April 1, 2013
Maury Regional Medical Center offers youth sports safety tips
COLUMBIA, Tenn. – The arrival of warmer weather signals the start of many outdoor activities, including youth league sports. April is National Youth Sports Safety Month and Maury Regional Medical Center (MRMC) offers some guidelines on helping youngsters stay safe and healthy while participating in their favorite pastimes.
The National Youth Sports Safety Foundation estimates that five million children require treatment in emergency rooms each year because of sports injuries. Sports injuries are the second most frequent cause of injury for both boys and girls.
According to Marcus Harris, a certified athletic trainer with MRMC’s Physical Medicine Department who works with athletes at Mt. Pleasant High School and Columbia State Community College, many sports injuries can be prevented.
“Playing sports is a great way for young people to learn the importance of teamwork while getting the benefits of physical fitness,” said Harris. “As parents and coaches, we can help reduce the risk that a child will be injured while playing sports.”
To help make sure that children stay healthy while playing sports, parents are encouraged to consider these suggestions:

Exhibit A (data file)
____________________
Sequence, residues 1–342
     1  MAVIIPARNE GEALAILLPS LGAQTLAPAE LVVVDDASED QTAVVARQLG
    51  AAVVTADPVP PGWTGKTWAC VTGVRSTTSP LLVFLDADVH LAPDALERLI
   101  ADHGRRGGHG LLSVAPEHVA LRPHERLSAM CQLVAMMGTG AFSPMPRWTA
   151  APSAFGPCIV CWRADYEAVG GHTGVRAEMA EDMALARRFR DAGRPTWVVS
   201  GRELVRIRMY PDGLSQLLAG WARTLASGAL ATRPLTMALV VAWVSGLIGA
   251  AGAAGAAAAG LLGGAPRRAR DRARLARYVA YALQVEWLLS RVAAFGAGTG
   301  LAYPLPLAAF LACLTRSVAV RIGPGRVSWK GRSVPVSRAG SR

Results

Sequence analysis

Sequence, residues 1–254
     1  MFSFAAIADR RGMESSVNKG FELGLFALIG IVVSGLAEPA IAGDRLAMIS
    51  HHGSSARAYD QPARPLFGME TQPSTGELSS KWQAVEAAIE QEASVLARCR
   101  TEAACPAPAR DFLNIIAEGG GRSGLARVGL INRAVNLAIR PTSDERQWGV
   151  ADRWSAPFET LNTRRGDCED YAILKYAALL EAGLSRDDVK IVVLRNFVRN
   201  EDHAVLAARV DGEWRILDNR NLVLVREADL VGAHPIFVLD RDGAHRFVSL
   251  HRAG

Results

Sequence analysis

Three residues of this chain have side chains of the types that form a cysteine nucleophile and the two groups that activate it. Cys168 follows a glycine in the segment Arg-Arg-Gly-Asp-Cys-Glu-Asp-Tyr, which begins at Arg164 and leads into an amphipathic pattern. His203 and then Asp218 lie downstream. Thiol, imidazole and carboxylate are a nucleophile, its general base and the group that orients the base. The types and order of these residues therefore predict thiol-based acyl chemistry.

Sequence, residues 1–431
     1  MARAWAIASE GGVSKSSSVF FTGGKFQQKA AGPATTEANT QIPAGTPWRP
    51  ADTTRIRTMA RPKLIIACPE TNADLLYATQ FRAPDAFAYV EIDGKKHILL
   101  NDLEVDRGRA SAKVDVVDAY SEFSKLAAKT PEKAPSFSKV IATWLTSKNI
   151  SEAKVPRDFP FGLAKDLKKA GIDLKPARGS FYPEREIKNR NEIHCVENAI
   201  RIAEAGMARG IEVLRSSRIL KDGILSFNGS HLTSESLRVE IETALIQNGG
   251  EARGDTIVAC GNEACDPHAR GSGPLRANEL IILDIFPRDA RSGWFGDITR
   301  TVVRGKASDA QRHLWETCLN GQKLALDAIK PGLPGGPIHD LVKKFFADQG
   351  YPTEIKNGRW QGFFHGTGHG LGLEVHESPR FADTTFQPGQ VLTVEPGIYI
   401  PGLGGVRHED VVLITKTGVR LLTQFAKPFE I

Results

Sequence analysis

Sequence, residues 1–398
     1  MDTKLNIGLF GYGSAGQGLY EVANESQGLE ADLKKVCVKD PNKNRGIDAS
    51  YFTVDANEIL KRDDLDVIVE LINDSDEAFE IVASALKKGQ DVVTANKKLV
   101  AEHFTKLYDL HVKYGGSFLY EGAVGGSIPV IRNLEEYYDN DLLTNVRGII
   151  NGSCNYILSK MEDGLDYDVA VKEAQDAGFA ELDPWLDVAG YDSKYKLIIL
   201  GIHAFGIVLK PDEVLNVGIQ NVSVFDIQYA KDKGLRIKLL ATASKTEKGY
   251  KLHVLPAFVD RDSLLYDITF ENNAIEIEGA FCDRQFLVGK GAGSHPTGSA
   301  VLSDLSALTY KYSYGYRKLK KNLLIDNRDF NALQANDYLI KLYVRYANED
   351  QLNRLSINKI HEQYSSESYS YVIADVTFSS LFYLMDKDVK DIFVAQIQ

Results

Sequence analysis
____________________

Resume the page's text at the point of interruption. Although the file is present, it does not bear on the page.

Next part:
- Schedule a pre-season physical examination with the child’s physician.
- Make certain that necessary protective equipment is being used and that it fits the child well.
- Be sure the child warms up with stretching prior to practice and game time.
- Never allow a child to play sports while injured or fatigued.
- Ensure that the player maintains a well-balanced diet and remains hydrated.
- Keep the focus on having fun instead of placing pressure on a child to excel or win.
- Know the signs and symptoms of a concussion. Seek immediate medical treatment for a child who appears dazed or confused, has trouble with vision or balance, experiences nausea or headaches, or loses consciousness.
“Participating in team sports as a youngster can help to instill the importance of exercise and working with others even into adulthood,” said Harris. “By making certain that your child is physically ready before each practice and game, you are helping to prevent injury and ensure that the experience will be a good one.”